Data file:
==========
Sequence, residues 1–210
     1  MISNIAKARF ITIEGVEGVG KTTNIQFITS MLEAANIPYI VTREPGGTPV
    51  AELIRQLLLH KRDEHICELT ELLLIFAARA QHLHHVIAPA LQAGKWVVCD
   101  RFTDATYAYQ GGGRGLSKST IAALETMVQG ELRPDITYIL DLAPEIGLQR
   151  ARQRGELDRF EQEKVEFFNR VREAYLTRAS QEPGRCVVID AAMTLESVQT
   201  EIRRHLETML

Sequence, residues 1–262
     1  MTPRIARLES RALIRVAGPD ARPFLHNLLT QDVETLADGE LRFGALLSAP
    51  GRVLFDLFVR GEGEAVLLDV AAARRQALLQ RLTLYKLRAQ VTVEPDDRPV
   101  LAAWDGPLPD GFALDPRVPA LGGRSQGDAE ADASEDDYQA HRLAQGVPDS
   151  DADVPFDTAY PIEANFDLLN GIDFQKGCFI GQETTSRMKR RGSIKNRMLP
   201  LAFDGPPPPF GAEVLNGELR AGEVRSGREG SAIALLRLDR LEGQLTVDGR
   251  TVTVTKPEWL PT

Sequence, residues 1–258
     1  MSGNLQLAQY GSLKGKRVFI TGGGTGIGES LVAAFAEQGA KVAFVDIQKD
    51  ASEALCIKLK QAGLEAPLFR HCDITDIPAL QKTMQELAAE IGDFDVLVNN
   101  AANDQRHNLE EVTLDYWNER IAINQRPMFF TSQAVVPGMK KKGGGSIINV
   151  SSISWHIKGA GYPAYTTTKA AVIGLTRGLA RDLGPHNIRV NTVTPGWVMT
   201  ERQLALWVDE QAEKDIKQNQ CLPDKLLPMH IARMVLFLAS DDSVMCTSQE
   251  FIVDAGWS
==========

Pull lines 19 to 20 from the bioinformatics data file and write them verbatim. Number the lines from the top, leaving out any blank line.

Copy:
   201  ERQLALWVDE QAEKDIKQNQ CLPDKLLPMH IARMVLFLAS DDSVMCTSQE
   251  FIVDAGWS